The politician is the epitome of “our current age”. hunting” (TG. election posters and confidential circulars. His friend and mentor. tells the story of a period of his life. Clara. After such an upbringing. suggests that going abroad would take him away from the political scene for a while and prepare the grounds for his return in a changed political situation. and “the more infamous a man is. The moral atmosphere in which the protagonist is brought up is exemplified by arguments of the following nature: “If you take something from someone and keep it for yourself. violent sports. duelling. incalculable savings 257 . a corrupt politician who is temporarily unable to offer him a position. Politicians and traders The journey of the narrator to the Torture Garden in China could not have originated from more apposite source. The narrator describes his father as a rough. whenever possible. His principles are to mislead people about the quality and weight of his merchandise. While cruising. he proclaims in the streets and on public squares. our hero mixes with politicians. after calling for fresh cigars and drinks. The companion he meets in his journey. and similar proud claims he publishes in his political manifestoes. One of them. bullfights.So goes the conversation of cultivated minds and refined natures. that for a long time he has been reluctant to make public. therefore. so that. and lives in China. a man with a sharp business sense and a reputation for deviousness which consists of “getting people where you want them”. 24). p. charge two francs for what cost him two sous and. that’s business”. if it does not entail too much of a row. where “ostentatious dishonesty assumes the place of finer qualities”. is the daughter of an opium trader. I’ve stolen”. varied manifestations of patriotism. is a pretext. that’s theft. officially aimed at studying foreign penal systems and assessing if they might be applied at home. abominable pigeon shooting. The use of infallible arms is advocated. “I’ve stolen. in war. the more disposed we are to credit him with intellectual force and moral value” (ibid. p. murder recurs as a central point of conversation. But if you take something from someone and pass it on to someone else for as much as you can get. 39). p. who take a sensual delight “in the stench of human decay” (ibid. who list among their favourite pleasures “fencing. 49). make them pay twice over for the same thing. that “pack of starving carnivores”. vulgar dealer of grain. where she convinces the protagonist to join her. The journey.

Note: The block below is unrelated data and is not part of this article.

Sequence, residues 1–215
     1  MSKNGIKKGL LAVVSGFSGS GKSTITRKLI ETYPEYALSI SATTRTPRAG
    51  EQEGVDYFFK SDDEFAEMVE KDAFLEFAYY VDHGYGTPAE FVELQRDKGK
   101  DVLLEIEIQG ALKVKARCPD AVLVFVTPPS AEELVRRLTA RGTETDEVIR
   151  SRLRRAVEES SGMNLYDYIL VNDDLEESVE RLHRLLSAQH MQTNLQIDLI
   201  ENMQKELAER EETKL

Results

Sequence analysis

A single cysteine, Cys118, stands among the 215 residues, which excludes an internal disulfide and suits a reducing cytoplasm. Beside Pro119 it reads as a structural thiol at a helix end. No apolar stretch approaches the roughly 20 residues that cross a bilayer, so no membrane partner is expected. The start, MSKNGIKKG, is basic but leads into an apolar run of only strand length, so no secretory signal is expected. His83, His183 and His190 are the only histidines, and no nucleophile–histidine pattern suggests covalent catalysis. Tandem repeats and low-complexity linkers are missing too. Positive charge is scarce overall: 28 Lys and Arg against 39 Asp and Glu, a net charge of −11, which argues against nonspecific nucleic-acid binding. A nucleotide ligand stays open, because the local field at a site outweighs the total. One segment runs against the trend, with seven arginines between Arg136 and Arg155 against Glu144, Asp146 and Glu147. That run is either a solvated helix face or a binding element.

The prisoners cannot eat. holds a revolting 258 . and twenty bulging eyeballs cast flushed looks on the meat – looks of terror and hunger. The crowd at the prison entrance is restless. The prisoners have their necks gripped in iron collars. Clara rummages in the basket with her fork. theirs is the torture of Tantalus. and no sooner the door is open than tumult starts: Clara throws herself in the “mêlée of chattering. an odd. right to the dark depths of my flesh (TG. they cannot reach the meat. It smells of death. the clanking of chains. and military hospitals. and causing them to shriek in such suffering and to utter violent insults against us mingled with supplications to the Gods” (ibid. sounds of suffocation. “The slightest movement displaced the iron collar. rustling of fabrics and clatter of parasols and fans” (ibid.could be made by abolishing surgeons. A blonde woman with a blank. People passing by the cages laugh and “abandon themselves to impassioned mimicry”. causing shooting-pains in their throats and their bleeding necks. When I see the convicts. accompanying her shivers with exquisite gestures. the “muffled wailing. Delicately. p. nurses. cold look. like bellows. the panting of breaths. Every Wednesday. amusing pastime. amid a considerable crowd of elegant people. p. they can neither lie down nor rest. 114). and a pitchfork with teeth of platinum incrusted with gold and a handle of green jade. And behind those doors. and are squatting in their own filth. p. p. that’s all” (ibid. ambulances. p. the strange and prolonged groaning of beasts” (ibid. All they need for this elegant distraction is a meat basket woven by the best Chinese artisan. I go all dizzy and my whole body quivers in the same way as it does in love. as though it was perfume. p. 106). Vendors shout: Here! Here! Come on by! Look and choose! You’ll not find anything better anywhere … No one has anything more rotten!” (ibid. you see […] it seems to me that I am descending into the depths of my flesh. 125). Ten heads begin swinging simultaneously. the Convict-Meat-Market is held. the clamour of the crowd is covered by the cries. 122).112). hands and feet in chains. explains Clara. my love. It seems to me. “But it’s not a bad smell. 124). Meat for the prisoners Clara loves going to feed the convicts. cries. Clara inhales decay with delight. and the only original. elegant distraction for the inhabitants of that lost corner of China. then lifts out some scraps of meat that she graciously flings through the bars into the cage.